REPLY

Hi Dave, thanks for taking the time to write and express your opinion. We plead not guilty, and we’ll explain why in a moment. But just as importantly it may help all of our subscribers if we examine your argument in detail. Why stop at saying that the ‘mainstream’ media is/should be the fall guy for failure to ferret out Diba’s failings – ALL the media – including Computergram – is responsible. Not true. We never subscribed to the Diba cult, never wrote a glowing profile of it or its bouncy founders, and simply reported when the company did stuff that actually wasn’t all vapor. Our first story on Diba’s creation (CI No 2,902, April 29 1996) was a totally straight news announcement of the formation of the company and was bereft of any superlatives whatsoever. A model of restraint in comparison to the rest of the trade press! But only a week later, when we wrote about the halo effect Diba had had on Zenith Electronics Corp, an early supporter of the boys, we were already using phrases like The Internet fairy has waved her magic wand (CI No 2,908, May 8 1996). Our next mention was again a completely straight and perfectly appropriate news story reporting the deals the company had signed with major players like NEC Corp, surely deserving of being brought to the attention of our readers (CI No 2,978, August 8th 1886). But we soon started to treat the thing with a certain lack of gravity, calling it the company formed by Oracle Corp refugees who believe that $500 is much to much to pay to put the coffee machine or the toaster on the Internet, (CI No 3,002, August 19 1996); or the company formed in Menlo Park, California by Oracle Corp refugees to enable manufacturers to put your electrical appliances on the Internet (CI No 3,004, November 11 1996). Our subsequent stories matter-of-factly reported announcements Diba was making which almost always involved significant public companies, like (June 1997) AT&T WorldNet (aha!), Bell Atlantic Internet Solutions, Best Internet Communications Inc, Concentric Network Corp, Earthlink Network Inc, GTE, IBM Global Services, Metricom, Pacific Bell Internet Services, PSINet Inc, and Southwestern Bell Internet Services Inc. Granted a lot of these announcements mean zip in practical terms, they are still useful for investors and observers of the industry to know about. This episode points out how content free much of what passes for analysis in the media actually is, you go on to say. Fair enough – but let’s make sure we understand what analysis is and what news is. It’s our job to report what companies do, even if we think it’s dross, because we are first and foremost a newspaper – look at our masthead: THE DAILY NEWSPAPER FOR DATA PROCESSING, COMMUNICATIONS AND MICROELECTRONICS PROFESSIONALS AND INVESTORS. What Computergram – along with the rest of ComputerWire’s publications – does is to offer opinions and comments in the appropriate tone of voice, often in a clearly demarcated separate zone from the actual news announcement. The other way is called editorializing, a skill most successfully practiced by the former editors of such objective publications as Izvestia, Pravda and the Voelkisher Beobachter, which provided a very useful service to their readers by telling them how to interpret events according to the correct ideological position. At the end of the day, how many articles did you read last week like the one we wrote about the demise of Diba? We plead that you continue to trust us and treat us as your information delivery vehicle for the facts that happened that day, plus as often as appropriate our hardheaded views on what those facts mean. But if we don’t… call us on it – for then we wouldn’t be doing our jobs or deserving one red cent of your money.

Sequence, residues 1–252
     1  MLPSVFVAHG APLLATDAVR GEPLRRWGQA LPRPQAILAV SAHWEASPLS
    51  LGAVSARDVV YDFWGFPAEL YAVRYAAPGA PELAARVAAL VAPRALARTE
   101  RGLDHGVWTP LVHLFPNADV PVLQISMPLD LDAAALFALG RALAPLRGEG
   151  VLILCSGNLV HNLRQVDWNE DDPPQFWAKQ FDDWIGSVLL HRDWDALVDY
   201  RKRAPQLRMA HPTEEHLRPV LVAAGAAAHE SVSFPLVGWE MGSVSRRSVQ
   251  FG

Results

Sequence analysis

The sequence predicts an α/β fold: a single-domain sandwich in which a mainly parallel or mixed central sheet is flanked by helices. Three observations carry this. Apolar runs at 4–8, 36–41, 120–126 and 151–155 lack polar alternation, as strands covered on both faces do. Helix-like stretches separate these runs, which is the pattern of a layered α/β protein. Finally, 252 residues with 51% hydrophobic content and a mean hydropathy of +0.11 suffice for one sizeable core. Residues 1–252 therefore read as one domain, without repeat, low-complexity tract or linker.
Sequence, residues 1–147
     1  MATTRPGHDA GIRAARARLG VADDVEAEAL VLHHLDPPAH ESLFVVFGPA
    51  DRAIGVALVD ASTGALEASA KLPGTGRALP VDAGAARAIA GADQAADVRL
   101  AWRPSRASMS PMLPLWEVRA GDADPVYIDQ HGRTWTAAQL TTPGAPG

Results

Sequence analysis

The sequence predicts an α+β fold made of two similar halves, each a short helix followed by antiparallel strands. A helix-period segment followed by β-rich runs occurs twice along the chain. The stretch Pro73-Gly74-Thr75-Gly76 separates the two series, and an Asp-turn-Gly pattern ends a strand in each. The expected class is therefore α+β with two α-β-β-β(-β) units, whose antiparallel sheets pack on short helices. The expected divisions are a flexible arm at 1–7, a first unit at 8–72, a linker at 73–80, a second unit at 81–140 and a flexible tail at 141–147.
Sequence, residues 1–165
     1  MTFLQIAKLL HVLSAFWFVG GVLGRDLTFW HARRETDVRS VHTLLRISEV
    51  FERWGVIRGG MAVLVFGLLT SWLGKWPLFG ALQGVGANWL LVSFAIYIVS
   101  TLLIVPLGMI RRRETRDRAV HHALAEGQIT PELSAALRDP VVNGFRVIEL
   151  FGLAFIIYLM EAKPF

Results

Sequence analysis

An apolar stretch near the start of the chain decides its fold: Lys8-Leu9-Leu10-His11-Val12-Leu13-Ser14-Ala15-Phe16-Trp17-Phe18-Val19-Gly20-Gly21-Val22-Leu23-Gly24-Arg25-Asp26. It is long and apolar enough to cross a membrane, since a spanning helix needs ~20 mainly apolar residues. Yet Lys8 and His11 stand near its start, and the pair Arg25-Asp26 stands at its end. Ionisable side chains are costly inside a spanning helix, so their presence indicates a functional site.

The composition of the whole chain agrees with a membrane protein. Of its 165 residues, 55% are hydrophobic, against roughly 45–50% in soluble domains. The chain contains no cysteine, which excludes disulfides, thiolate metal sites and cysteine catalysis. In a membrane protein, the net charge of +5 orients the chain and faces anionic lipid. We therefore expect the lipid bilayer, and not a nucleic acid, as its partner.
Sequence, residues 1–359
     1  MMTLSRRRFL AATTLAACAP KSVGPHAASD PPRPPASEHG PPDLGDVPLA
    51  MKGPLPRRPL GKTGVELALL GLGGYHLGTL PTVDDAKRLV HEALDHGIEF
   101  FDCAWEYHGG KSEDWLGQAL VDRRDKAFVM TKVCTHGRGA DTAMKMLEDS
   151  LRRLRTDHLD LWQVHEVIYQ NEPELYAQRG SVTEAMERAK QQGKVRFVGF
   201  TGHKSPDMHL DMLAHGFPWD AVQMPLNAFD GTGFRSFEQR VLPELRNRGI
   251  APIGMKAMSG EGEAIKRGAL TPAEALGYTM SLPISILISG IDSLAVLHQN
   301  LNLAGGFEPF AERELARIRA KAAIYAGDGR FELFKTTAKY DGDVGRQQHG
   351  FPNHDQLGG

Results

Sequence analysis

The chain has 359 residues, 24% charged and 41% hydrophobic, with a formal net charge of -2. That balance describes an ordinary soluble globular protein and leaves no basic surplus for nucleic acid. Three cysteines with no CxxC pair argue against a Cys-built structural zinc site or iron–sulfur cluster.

Sincerely, Gary Flood, Editor@Large/West Coast Bureau Chief, Computergram International.